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  1. #1

    Default Testing engines at Will Rogers?

    Lately, we've noticed what sounds like a huge airplane engine being tested [for lack of a better description] VERY late at night, sometimes two or three times a night [last night, Sunday, it sounded at 11:30 PM and again at 1:45 AM; comes on, runs for a bit, then literally "shuts off"--not the same as a take-off sound at all]. If we were close to Tinker, it would be understandable; if it were the sound of planes taking off [which is totally different], it would be understandable...but we have no idea who or what is causing this noise so late at night. It also doesn't seem to be every night.

    And, yes, I know we live close to the airport; the normal sounds of planes aren't a problem. I lived under the flight path for Tinker for 20 years, so "normal" plane sounds are nothing unusual or surprising or even of interest to me. But this noise is something new, VERY loud, and seems to happen only late at night.

    Does anyone know what is going on? Some new facility or repair area? "Con Air" testing out their engines??? Have no idea, but it certainly does wake us up!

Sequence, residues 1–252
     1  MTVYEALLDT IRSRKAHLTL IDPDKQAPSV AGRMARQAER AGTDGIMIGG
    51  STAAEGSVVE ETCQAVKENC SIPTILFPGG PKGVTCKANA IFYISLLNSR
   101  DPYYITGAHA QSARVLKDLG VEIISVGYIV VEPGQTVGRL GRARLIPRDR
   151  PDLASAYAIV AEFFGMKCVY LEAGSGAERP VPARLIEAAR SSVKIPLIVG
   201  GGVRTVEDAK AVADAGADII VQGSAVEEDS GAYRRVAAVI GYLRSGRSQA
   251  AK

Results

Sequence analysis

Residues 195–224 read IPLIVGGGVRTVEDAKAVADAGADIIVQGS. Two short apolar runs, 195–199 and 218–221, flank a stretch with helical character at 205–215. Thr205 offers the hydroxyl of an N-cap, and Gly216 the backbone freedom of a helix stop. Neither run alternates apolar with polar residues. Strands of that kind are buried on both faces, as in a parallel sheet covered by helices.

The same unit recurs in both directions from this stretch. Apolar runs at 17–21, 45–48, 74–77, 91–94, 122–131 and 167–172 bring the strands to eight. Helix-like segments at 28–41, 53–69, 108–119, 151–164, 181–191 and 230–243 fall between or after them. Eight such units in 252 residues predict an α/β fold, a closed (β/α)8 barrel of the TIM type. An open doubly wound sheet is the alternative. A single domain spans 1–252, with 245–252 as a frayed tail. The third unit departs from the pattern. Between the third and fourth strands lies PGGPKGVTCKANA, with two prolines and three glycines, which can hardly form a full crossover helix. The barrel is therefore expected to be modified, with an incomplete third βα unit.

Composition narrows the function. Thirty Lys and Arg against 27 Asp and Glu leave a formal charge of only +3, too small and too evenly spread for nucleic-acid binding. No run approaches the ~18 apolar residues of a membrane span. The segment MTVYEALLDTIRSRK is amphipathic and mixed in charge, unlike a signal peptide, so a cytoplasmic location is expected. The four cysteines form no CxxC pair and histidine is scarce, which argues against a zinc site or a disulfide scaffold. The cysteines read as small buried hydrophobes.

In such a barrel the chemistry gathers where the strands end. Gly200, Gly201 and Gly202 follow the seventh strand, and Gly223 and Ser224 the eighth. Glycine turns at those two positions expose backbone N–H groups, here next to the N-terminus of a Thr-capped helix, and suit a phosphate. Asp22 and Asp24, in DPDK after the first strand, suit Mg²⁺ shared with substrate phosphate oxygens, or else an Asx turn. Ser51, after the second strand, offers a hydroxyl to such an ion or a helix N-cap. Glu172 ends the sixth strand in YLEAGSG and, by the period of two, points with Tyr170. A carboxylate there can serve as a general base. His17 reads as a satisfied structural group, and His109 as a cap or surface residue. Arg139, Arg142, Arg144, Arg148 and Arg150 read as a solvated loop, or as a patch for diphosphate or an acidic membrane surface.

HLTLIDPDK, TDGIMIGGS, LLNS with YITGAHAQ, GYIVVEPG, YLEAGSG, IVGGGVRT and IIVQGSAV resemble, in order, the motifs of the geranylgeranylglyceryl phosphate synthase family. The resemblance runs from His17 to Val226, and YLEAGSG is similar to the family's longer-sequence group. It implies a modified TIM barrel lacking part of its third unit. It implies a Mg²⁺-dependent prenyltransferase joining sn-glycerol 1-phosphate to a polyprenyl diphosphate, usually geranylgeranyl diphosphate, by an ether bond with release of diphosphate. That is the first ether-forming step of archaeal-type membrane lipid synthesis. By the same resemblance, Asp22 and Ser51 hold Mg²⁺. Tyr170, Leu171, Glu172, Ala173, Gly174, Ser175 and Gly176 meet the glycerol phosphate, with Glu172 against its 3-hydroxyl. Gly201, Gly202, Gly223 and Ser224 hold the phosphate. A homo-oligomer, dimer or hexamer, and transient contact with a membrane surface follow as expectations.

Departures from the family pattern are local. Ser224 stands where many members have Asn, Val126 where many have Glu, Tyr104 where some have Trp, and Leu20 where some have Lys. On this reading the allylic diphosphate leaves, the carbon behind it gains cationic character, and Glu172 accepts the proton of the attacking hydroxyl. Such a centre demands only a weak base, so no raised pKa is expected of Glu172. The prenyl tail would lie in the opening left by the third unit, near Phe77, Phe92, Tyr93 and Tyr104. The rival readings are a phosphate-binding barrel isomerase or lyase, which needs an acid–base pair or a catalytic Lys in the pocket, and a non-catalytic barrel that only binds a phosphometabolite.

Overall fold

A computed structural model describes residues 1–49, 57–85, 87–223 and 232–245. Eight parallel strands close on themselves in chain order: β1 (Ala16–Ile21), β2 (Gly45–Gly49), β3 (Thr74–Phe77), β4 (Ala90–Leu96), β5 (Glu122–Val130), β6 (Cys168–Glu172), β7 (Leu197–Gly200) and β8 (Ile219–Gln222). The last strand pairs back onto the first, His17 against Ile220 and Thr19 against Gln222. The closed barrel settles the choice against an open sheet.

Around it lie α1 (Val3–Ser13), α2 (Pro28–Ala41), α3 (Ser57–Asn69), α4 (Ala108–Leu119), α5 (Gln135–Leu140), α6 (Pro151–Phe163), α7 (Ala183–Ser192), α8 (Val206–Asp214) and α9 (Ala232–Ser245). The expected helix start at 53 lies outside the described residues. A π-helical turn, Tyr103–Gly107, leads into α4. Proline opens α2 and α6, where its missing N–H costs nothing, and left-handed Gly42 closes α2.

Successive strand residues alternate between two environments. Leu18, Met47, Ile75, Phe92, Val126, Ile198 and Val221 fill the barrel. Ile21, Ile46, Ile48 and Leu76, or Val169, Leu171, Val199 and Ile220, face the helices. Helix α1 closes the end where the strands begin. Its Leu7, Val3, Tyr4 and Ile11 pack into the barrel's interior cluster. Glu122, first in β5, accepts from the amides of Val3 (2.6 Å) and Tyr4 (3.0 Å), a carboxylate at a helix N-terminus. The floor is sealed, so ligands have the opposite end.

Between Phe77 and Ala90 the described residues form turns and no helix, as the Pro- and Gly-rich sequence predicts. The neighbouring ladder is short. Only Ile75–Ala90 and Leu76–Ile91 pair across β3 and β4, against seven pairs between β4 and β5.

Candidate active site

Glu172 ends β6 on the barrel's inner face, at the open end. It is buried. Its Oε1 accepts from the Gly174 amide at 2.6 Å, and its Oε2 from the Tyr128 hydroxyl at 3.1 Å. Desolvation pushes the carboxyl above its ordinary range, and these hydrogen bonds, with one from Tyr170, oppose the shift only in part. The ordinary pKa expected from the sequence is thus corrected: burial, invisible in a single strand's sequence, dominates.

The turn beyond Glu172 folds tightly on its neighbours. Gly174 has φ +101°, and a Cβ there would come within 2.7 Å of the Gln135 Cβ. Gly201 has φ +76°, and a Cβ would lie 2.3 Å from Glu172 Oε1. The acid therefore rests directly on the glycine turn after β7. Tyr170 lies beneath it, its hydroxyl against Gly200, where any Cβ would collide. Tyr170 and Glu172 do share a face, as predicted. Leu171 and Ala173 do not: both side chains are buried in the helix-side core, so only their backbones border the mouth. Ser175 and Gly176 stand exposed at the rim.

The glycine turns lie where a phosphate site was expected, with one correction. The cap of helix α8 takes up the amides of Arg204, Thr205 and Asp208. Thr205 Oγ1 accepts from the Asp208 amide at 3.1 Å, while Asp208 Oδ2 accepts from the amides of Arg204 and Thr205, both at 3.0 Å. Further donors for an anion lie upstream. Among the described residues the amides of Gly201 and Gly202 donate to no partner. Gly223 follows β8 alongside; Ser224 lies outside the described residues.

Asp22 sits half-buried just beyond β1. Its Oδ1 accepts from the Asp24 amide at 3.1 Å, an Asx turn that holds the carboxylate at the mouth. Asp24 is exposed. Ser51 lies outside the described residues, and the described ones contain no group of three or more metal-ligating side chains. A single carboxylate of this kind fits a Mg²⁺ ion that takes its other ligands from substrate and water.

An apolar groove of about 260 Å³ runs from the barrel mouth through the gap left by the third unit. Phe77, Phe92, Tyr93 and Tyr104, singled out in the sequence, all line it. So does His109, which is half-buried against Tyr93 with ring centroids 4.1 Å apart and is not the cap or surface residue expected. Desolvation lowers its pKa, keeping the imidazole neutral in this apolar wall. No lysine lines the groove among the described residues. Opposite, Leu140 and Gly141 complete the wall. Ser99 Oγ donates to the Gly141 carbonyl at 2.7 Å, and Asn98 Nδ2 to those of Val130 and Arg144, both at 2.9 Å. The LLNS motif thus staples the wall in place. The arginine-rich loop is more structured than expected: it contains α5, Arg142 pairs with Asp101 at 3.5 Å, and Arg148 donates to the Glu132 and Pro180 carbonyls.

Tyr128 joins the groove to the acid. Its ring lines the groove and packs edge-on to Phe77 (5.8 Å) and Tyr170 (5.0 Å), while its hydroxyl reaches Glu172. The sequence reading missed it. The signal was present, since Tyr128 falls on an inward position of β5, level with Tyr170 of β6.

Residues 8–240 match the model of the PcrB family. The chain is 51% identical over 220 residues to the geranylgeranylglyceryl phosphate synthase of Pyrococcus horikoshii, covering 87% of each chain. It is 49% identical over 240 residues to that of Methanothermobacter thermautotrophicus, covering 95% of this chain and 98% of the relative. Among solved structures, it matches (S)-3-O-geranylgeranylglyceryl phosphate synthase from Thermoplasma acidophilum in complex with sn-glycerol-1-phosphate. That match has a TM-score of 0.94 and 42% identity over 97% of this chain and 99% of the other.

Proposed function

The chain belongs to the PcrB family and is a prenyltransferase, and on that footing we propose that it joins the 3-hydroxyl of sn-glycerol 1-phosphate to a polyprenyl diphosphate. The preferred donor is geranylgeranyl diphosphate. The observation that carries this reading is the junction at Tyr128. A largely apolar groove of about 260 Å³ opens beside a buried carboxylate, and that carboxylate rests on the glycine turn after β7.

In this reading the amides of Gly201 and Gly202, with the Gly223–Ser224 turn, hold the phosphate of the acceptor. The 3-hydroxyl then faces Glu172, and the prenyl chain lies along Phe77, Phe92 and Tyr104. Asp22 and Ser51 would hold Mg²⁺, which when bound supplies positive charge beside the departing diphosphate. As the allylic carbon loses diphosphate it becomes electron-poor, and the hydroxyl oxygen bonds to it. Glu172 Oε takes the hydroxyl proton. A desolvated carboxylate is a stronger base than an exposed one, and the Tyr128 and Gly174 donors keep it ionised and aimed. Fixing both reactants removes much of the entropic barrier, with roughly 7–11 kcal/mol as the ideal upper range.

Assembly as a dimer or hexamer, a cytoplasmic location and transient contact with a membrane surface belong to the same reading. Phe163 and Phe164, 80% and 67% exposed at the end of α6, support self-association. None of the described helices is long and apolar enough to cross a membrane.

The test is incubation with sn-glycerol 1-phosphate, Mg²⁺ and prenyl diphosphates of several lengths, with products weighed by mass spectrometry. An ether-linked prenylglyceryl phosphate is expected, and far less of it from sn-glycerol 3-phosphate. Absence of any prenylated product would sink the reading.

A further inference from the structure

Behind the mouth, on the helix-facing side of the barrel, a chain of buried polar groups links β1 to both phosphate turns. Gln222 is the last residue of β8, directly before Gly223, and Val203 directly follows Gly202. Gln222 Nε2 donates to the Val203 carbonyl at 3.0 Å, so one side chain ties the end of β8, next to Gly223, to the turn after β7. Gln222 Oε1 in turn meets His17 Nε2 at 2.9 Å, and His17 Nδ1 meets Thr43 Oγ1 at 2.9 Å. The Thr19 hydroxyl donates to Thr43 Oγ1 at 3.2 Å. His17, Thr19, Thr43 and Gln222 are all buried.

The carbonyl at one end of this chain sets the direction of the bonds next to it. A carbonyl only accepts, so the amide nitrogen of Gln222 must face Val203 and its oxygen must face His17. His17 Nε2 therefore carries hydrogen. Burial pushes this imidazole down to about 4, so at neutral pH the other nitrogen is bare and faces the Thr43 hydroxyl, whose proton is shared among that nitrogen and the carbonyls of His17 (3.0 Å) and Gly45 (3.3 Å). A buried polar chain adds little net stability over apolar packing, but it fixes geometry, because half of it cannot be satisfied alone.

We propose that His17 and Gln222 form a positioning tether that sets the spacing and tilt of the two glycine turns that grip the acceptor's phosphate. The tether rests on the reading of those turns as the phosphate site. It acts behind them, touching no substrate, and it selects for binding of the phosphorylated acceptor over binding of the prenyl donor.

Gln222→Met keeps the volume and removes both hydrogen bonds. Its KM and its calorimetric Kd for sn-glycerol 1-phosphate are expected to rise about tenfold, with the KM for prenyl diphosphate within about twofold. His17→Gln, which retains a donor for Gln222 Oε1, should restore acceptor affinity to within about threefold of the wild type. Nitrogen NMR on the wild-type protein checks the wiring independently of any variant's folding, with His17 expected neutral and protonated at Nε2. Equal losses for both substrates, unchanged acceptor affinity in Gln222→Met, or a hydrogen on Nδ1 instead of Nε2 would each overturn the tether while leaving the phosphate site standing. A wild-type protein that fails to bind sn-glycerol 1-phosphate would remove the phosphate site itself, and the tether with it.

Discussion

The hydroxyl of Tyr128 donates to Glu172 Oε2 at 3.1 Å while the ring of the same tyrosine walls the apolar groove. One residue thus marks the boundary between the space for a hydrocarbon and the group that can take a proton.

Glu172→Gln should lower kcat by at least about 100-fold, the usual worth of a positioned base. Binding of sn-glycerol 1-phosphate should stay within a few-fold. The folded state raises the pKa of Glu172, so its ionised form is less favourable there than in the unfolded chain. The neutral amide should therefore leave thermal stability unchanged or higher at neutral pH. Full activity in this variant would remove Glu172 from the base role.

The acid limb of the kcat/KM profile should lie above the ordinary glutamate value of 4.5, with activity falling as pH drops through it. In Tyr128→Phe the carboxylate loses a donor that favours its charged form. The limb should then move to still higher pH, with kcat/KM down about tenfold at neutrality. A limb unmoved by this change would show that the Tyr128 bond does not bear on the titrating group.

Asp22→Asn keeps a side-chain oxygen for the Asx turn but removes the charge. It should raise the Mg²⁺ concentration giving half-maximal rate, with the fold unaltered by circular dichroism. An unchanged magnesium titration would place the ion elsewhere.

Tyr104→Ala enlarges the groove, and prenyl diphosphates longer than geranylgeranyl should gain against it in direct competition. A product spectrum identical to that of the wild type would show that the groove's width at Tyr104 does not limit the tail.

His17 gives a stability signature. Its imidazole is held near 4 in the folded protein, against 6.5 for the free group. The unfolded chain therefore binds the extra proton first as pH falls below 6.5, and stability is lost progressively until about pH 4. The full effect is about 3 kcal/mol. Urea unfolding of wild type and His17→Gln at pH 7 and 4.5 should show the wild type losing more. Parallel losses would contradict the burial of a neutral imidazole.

2. #2

    Default Re: Testing engines at Will Rogers?

    I've been hearing it as well. I'm not there early AM or at night so I don't know if the company I am at is doing engine run-ups at night or not. It sounded like a pair of old JT-8D's without hushkits. At night the sound will be more noticeable as ambient sound is lower and the sound remains closer to the ground, whereas in the daytime it moves upward.

    One of Allegiant's MD-87's was having engine work done today before a flight check (They use JT-8D powerplants). We might have been doing some work last night with them.

  3. #3

    Default Re: Testing engines at Will Rogers?

    We've heard it, too, west of the airport.

  4. #4

    Default Re: Testing engines at Will Rogers?